New Report Blasts Olmert Over Lebanon War

April 30, 2007 at 9:59 am | Posted in American politics, Hezbollah, Israel, Military, violence, War | 4 Comments

No surprise, but an internal Israeli report excoriates Ehud Olmert for his “severe failure in the lack of judgment, responsibility and caution” in the war over Lebanon last summer. Israel lost about 200 civilians and soldiers, while over 1000 Lebanese civilians died. Yet Israel failed to destroy Hezbollah, and failed to acquire the kidnapped soldiers. (In fact, Israel is now negotiating with Hezbollah on the release of those two soldiers—something they should have done in the first place).

One thing this report does not delve into, because it is an internal Israeli report, is just how the Bush administration prodded Olmert to attack Lebanon and Hezbollah. I mean, who here remembers Condoleezza Rice’s most infamous moment, the birth pangs comment:

“What we’re seeing here, in a sense, is the growing — the birth pangs of a new Middle East. And whatever we do, we have to be certain that we are pushing forward to the new Middle East, not going back to the old one. “

One has to wonder just how much pressure the Bush administration put on the Olmert administration to keep at it. I mean who remembers Bill Kristol, the king of the neo-con robbers stating:

Why is this Arab-Israeli war different from all other Arab-Israeli wars? Because it’s not an Arab-Israeli war. Most of Israel’s traditional Arab enemies have checked out of the current conflict. The governments of Egypt, Jordan, Iraq, and Saudi Arabia are, to say the least, indifferent to the fate of Hamas and Hezbollah. The Palestine Liberation Organization (Fatah) isn’t a player. The prime mover behind the terrorist groups who have started this war is a non-Arab state, Iran, which wasn’t involved in any of Israel’s previous wars.

What’s happening in the Middle East, then, isn’t just another chapter in the Arab-Israeli conflict. What’s happening is an Islamist-Israeli war. You might even say this is part of the Islamist war on the West — but is India part of the West? Better to say that what’s under attack is liberal democratic civilization, whose leading representative right now happens to be the United States.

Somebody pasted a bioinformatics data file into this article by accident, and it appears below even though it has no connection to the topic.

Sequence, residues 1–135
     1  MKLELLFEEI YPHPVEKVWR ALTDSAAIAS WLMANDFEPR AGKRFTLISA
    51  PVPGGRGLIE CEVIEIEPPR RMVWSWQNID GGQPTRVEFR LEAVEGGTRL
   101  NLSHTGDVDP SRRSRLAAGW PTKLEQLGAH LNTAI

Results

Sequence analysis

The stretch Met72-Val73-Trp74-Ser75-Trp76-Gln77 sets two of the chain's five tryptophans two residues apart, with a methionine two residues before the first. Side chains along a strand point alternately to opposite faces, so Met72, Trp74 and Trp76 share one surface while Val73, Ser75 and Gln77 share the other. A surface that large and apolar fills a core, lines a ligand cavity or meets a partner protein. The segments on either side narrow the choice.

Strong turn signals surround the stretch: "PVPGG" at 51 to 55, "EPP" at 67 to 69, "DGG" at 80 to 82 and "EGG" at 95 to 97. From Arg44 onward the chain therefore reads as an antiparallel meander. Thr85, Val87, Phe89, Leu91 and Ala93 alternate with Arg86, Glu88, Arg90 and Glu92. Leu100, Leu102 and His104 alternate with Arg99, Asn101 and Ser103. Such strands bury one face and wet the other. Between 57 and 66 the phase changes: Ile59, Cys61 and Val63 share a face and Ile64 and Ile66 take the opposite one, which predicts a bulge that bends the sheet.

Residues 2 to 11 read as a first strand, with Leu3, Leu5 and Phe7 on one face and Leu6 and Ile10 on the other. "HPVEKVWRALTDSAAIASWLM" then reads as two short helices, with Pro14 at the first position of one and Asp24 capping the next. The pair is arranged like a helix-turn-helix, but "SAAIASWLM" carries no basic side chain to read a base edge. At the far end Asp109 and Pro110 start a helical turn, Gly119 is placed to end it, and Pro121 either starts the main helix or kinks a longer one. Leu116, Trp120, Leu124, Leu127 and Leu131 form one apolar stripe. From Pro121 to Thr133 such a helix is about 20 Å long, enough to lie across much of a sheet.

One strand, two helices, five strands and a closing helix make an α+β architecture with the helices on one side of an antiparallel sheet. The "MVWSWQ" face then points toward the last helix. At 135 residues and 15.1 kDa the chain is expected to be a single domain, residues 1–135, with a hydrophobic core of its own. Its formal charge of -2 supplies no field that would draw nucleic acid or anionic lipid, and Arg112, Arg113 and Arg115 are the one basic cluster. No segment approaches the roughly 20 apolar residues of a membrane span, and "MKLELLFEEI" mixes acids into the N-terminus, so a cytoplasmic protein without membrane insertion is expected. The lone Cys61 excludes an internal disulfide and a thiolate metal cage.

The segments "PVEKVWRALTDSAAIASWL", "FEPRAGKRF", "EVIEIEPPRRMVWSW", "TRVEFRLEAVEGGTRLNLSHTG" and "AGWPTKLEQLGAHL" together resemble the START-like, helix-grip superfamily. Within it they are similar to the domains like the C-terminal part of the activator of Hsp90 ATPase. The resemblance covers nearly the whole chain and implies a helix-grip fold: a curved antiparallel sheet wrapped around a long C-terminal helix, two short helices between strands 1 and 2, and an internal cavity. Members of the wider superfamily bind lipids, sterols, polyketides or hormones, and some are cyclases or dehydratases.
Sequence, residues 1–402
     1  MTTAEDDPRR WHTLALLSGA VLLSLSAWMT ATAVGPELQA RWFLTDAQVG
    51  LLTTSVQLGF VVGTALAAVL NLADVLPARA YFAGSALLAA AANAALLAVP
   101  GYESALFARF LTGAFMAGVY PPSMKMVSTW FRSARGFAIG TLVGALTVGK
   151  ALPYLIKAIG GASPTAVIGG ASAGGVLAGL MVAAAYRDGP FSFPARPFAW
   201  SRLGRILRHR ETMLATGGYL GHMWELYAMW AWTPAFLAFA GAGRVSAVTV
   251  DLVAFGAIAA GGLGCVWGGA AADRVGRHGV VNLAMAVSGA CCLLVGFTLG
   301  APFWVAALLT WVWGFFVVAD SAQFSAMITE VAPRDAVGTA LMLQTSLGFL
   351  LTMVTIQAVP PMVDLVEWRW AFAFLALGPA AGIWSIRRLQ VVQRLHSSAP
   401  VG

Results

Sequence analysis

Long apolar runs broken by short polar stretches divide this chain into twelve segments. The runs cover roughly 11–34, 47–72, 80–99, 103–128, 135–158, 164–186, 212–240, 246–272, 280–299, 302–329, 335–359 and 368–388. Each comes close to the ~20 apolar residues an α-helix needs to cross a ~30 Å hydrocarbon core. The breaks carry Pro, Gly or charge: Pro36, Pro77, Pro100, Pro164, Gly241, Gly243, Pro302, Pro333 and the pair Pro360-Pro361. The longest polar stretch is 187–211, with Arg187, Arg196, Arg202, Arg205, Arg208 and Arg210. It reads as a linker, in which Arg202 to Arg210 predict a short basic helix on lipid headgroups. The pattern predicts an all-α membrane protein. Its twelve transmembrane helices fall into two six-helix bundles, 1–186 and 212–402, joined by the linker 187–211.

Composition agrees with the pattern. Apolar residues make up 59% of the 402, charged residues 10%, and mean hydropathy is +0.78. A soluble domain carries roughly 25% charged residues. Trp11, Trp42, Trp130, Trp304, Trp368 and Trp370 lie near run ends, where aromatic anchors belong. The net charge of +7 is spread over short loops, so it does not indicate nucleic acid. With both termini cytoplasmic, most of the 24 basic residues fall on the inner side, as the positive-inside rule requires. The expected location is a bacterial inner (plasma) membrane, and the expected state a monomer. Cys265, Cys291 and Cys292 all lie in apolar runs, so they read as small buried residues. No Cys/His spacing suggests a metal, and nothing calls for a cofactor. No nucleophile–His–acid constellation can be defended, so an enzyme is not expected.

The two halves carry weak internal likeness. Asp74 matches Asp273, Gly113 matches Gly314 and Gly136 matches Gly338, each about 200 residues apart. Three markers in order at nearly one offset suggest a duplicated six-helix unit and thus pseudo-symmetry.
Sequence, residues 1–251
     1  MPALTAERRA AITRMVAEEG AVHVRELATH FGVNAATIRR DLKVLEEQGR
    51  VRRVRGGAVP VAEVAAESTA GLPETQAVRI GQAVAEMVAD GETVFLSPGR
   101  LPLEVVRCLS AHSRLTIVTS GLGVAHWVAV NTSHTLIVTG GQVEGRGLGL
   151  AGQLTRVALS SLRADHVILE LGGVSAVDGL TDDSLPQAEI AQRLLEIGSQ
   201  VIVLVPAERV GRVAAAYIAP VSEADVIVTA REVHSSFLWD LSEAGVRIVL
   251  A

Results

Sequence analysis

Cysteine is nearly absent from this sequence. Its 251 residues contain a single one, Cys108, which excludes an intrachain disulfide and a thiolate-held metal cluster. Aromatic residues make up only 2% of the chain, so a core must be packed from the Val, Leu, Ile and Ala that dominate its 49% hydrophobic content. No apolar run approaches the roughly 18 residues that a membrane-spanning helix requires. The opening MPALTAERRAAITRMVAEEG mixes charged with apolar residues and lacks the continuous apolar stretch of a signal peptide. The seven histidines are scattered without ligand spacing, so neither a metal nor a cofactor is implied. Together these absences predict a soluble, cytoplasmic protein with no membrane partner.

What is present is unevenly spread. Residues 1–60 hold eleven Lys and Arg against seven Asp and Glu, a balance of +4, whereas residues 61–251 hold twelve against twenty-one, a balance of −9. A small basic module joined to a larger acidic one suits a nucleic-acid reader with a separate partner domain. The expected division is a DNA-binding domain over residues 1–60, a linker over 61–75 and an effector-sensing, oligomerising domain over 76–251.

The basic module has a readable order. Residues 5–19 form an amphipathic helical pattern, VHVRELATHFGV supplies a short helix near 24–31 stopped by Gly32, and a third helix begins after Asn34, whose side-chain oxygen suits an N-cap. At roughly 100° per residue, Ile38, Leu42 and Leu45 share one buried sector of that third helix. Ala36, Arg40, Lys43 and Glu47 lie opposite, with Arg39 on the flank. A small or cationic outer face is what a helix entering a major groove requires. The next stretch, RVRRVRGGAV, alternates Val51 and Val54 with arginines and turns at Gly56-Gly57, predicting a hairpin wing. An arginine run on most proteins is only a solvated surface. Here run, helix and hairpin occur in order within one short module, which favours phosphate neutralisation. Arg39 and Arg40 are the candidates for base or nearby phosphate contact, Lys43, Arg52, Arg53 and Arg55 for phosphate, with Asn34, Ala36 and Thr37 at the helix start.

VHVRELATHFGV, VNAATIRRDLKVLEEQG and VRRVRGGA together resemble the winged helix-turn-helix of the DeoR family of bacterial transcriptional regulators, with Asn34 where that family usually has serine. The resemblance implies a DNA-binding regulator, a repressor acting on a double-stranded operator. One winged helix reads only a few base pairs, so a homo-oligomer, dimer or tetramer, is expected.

Note how much he has to go to stretch the logic. He concludes by saying:

This is our war, too.

Unfortunately, Mr. Kristol was doing what he could to incite violence, because well, this was not our war. This wasn’t even supposed to be a war. This wasn’t the first time (nor will it be the last) that soldiers get kidnapped by Hezbollah to deal out an exchange. This has been happening since 1982. Was such a violent response warranted by the Israelis upon the Lebanese? Well, just look at the results. Hezbollah is still around and they still have the soldiers. Israel is now negotiating to get the soldiers back non-violently. Huh, peaceful methods actually work better than violence. How ’bout that.

Finally, why is someone like Bill Kristol still so trusted on the Middle East? I mean how many times must he get it wrong before he’s finally discredited enough?


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  1. I think Hezbollah’s recent (last year? two years ago?) political success in Palestinian elections provides a cautionary tale for the U.S. The current administration seems to be of the mindset that the democratization of the Middle East will solve all of our problems, that a free society is de facto a safe and/or stable society. Beyond the difficulties we now see of foisting a government on people that might not be ready (see Russia and Iraq) or willing there is a second problem that we see with Hezbollah. Whether they are justified or not, terrorists or not, they are fairly militant AND democratically elected. Democracy is not a panacea. People forget that Hitler was democratically elected, too.

  2. Nate,

    I think you meant Hezbollah’s success in Lebanon two years ago, in the election. In Palestine it is Hamas that recently won the plurality of votes and as such now runs the Palestinian government.

    But your point is spot on about democratization. It really isn’t a real democracy that the Bush administration and its conservative adherents want in the Middle East, but “pro-Western democracies.” Of course, you always take a risk when you let people decide for themselves. They just might vote against you.

  3. Hezbollah, Hamas. Shia, Sunni. I’m always getting those guys mixed up.

    Thanks for this blog. I’ve been looking for the right blog to scratch my itch, and this may be it. I’m looking forward to discussing politics with people that share a similar religious background and political leaning. I think there are a lot of us but not in any concentrated doses.

  4. You’re welcome Nate. Please frequent often. I try to keep my posts pretty level-headed and reasonable. Sometimes I might get a little emotional and passionate but these issues are quite important to me.

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